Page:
He also indicated the attacks would not alter the ongoing evacuation mission, which as of Thursday was still set to conclude on Aug. 31.
“We continue to focus on the protection of our forces and the evacuees as the evacuation continues. While we’re saddened by the loss of life, both U.S. and Afghan, we’re continuing to execute the mission,” McKenzie said.
President Biden and Vice President Harris have been briefed on the attacks. Biden’s meeting with the Israeli prime minister, scheduled for Thursday afternoon, was postponed as he monitored events in Afghanistan.
Biden was tentatively scheduled to deliver remarks on the situation in Afghanistan at 5 p.m.
The president, Defense Department officials and lawmakers have in recent days warned of the increasing threat of a terrorist attack near the Kabul airport as thousands of civilians congregated in the hopes of evacuating the country ahead of the withdrawal of American forces on Tuesday.
In an effort to mitigate further casualties, McKenzie said U.S. forces have reached out to the Taliban to widen the security perimeter and close roads around the airport to prevent any vehicle explosions.
Taliban checkpoints on the way to the airport have been providing what McKenzie said was an “outer security cordon around the airfield.”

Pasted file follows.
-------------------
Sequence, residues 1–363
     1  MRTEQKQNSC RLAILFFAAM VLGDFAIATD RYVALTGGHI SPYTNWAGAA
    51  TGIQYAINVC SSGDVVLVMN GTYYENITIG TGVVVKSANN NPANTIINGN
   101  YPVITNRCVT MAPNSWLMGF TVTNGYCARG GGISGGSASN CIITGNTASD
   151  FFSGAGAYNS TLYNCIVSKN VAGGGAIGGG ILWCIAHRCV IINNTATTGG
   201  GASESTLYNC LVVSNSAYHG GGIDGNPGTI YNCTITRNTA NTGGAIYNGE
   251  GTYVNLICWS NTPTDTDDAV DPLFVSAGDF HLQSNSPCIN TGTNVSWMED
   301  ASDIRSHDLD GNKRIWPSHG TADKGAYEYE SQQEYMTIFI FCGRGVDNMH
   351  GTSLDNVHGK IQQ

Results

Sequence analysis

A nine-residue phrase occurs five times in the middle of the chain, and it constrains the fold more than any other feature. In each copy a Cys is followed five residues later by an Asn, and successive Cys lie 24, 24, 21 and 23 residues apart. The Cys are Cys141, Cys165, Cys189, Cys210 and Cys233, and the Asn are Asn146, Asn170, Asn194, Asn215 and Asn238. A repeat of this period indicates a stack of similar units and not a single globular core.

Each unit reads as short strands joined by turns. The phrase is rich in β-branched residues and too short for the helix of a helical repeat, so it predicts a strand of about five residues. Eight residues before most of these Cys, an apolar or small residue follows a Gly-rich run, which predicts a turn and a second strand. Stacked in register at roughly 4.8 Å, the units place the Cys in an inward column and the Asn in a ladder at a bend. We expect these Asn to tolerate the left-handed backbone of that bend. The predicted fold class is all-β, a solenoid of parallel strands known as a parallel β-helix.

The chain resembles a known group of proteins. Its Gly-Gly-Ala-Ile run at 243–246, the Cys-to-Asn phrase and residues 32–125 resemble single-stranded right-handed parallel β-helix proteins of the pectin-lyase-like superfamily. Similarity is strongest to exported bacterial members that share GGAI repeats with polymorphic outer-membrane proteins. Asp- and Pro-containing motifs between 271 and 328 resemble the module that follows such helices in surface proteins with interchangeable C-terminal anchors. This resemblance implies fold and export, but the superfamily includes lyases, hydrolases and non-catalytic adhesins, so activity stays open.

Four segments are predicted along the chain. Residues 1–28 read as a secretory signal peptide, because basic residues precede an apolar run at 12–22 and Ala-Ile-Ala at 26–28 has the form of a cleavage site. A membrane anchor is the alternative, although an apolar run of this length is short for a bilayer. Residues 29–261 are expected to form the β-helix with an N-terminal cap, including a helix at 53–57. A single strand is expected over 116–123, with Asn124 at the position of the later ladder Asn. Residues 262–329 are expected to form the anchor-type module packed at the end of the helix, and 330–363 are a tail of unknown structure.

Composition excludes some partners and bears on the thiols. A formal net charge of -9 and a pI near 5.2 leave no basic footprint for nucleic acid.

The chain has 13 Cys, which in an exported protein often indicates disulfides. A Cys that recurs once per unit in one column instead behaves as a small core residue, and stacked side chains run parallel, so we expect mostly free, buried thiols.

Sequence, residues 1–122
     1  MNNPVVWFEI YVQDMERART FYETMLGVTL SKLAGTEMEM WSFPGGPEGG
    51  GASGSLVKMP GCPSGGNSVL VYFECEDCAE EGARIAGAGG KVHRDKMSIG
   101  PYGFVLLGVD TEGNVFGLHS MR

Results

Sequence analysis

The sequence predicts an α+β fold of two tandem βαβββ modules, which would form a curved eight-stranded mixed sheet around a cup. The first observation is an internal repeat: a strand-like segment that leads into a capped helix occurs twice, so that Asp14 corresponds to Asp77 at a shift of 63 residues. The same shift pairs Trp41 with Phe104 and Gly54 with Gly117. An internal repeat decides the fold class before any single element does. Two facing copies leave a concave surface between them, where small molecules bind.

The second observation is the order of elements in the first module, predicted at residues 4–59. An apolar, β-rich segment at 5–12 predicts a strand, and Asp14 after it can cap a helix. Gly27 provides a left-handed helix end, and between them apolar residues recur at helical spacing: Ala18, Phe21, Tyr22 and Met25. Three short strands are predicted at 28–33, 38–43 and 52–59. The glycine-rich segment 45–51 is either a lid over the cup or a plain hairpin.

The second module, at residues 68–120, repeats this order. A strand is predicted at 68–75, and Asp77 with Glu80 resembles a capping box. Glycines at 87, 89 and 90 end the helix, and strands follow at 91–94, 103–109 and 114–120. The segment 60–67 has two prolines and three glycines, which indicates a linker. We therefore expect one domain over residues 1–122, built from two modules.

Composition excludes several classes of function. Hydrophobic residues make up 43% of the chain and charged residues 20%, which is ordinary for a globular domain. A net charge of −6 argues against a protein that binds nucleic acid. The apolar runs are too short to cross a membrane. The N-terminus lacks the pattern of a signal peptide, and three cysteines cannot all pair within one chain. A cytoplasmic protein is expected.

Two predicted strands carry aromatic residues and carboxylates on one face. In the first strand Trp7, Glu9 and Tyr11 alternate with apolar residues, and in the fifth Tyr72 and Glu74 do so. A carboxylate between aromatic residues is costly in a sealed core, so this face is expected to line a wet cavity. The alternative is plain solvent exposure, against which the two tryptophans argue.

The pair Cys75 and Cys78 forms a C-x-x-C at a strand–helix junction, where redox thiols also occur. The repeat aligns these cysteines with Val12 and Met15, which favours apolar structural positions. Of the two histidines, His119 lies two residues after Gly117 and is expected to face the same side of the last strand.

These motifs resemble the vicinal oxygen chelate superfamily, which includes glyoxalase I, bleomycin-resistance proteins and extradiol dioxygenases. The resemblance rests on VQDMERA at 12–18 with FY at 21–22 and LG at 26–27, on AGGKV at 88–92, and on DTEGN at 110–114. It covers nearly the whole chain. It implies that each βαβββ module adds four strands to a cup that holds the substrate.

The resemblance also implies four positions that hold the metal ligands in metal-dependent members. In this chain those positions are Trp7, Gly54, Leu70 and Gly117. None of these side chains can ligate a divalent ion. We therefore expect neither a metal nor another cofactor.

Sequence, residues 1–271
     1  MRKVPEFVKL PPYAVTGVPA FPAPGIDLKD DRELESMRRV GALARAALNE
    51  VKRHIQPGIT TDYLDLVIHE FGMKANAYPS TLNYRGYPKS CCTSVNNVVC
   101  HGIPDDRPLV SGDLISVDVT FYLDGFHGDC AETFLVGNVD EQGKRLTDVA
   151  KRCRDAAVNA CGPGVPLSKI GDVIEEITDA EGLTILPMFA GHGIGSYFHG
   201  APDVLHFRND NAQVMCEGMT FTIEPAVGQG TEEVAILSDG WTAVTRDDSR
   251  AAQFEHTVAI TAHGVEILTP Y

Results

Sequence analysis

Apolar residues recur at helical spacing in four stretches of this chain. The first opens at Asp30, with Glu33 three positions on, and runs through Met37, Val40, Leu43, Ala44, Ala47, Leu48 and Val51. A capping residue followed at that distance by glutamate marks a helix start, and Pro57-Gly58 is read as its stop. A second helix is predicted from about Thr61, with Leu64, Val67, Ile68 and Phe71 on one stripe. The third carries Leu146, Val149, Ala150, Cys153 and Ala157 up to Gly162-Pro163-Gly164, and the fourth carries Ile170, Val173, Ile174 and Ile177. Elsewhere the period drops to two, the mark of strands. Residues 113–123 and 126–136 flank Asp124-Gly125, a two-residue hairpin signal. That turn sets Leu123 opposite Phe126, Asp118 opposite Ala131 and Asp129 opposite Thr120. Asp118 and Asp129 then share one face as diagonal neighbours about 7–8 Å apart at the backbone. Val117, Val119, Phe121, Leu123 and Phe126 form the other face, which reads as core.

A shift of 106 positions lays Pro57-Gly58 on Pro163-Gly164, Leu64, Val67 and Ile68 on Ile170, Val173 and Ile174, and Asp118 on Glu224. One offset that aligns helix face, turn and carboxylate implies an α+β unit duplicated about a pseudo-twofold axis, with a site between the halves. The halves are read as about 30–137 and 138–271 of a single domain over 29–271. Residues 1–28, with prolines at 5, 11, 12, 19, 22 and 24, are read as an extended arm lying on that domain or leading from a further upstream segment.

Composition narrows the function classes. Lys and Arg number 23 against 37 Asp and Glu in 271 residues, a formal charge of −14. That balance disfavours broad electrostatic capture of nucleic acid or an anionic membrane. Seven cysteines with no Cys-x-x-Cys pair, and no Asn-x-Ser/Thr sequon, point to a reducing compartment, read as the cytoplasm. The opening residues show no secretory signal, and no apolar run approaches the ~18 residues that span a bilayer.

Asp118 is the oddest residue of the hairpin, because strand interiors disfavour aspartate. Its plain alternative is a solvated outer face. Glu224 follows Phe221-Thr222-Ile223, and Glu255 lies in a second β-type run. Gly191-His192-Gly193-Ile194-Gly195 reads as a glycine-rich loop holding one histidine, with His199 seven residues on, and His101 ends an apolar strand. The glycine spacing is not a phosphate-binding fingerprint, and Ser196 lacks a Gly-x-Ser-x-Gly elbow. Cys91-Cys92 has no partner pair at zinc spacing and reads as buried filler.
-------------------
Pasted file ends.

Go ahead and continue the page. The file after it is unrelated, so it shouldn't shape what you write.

In the next several hours, he added, the focus will be on preventing further casualties as “typically, the pattern is multiple attacks, and we want to be prepared.” Such threats could be “imminent” and could include rocket attacks, vehicle attacks or another vest-wearing suicide bomber.
But no additional troops will be sent into the country as “we assess we have the forces we need to protect ourselves there.”
About 5,400 U.S. troops are in Kabul to help evacuate roughly 1,000 Americans still left in Afghanistan, as well as tens of thousands more vulnerable Afghans seeking to flee the Taliban’s harsh rule.
McKenzie said there are 5,000 evacuees on the ramp at the airport awaiting air lift, and troops are still bringing people onto the airfield.
“We just brought a number of buses aboard the airfield over the last couple or three hours. We’ll continue to process and flow people out,” he noted, adding that “the plan is designed to operate under stress and under attack.”
Should the airport become unsafe for American citizens to travel to “we’ll tell them to hold and work other ways to get them to the airport. We’ll continue to flow them out until the end of the month,” he said.
McKenzie said officials are investigating the attacks further and are “prepared to take action” against the perpetrators.
“If we can find who is associated with this we will go after them,” he said. “We’ve been clear all along that we’re going to retain the right to operate against ISIS in Afghanistan. And we are working very hard right now to determine attribution, to determine who is associated with this cowardly attack … 24/7 we are looking for them.”
—Caroline Vakil contributed to this report, which was last updated Friday at 3:09 p.m.